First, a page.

Computers and monitors. You can gain significant energy savings by verifying that power management settings are enabled on individual computers and monitors, forcing them to enter sleep mode after a specified period of inactivity. Most desktop computers built since 2008 are shipped with these settings enabled. Power management settings can cut a computer’s electricity use roughly in half, saving from $25 to $75 annually per computer. If you need help activating power management features on individual computers, the EPA offers detailed instructions by operating system on its Energy Star web site (just search on “computer power management” plus your operating system). Some users may be concerned that automatic software updates will be inhibited if power management settings are enabled, but that is not the case. Updates will automatically begin to download when the computer awakens from sleep mode.
Other plug loads. Plug loads in laboratories are typically higher than in other buildings. Though office-building plug loads fall into the 0.5 to 1.0 watt per square foot (W/ft2) range, laboratory plug loads can range from 2.0 to 20.0 W/ft2. With so much equipment in place, turning it off when it’s not in use can represent a big savings opportunity. To automate this process, consider buying and installing smart power strips that can turn off equipment when an area is vacant or when the equipment has been idle for a set period of time. Additionally, when it’s time to replace equipment, look into purchasing Energy Star–rated or other energy-efficient products.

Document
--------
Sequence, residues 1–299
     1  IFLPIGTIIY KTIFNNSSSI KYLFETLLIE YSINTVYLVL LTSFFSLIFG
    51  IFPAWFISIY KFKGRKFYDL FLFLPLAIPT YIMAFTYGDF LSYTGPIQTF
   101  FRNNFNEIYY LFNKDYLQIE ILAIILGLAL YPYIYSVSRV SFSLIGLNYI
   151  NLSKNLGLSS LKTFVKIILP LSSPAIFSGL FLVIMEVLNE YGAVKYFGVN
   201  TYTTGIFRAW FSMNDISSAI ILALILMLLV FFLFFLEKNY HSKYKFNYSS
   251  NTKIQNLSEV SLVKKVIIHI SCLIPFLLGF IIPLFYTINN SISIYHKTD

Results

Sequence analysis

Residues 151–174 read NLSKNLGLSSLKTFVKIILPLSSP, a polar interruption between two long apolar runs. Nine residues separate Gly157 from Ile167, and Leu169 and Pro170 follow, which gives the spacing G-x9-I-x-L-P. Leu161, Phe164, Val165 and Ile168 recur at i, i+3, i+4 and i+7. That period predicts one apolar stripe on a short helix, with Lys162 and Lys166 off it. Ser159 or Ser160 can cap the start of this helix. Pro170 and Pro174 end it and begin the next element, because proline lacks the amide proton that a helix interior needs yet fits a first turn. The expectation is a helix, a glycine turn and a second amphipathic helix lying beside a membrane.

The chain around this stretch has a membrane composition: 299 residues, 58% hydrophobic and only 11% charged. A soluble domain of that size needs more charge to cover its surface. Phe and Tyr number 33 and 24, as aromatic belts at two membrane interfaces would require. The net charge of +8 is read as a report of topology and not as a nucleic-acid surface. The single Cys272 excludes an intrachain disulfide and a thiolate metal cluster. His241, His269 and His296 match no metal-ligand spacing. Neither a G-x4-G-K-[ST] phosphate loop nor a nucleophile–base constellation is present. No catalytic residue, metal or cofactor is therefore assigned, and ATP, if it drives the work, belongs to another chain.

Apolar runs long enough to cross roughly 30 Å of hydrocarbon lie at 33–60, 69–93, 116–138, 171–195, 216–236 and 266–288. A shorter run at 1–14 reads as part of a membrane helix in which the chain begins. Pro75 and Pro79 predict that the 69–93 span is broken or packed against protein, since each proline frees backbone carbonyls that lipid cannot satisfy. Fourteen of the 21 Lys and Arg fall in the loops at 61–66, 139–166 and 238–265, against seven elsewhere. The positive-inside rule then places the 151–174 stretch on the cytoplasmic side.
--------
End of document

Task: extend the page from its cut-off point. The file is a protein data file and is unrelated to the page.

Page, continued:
Some equipment cannot be turned off entirely, but turning it down to minimum levels where possible can save energy.
Reduce light levels. Ensuring that light levels are sufficient for the tasks at hand—not unnecessarily bright—can help reduce energy costs. In spaces where natural lighting is available, lights can be dimmed, or selected lights can be switched off in response to the availability of sunlight.
Implement HVAC setbacks. Adjusting overall temperature settings by just a few degrees can yield significant energy savings without affecting occupant comfort levels. When possible, make sure that HVAC settings in stockrooms, offices, and other peripheral rooms are at minimum settings.
Although the actions covered in this section require more-extensive implementation efforts and have higher costs, they can dramatically increase the energy efficiency of your laboratory while maintaining or improving productivity. Ask your local utility representative for more information about funding or guidance that might be available for such projects.
Because lighting accounts for roughly 21 percent of overall energy use, it’s a great area in which to implement energy-efficiency measures.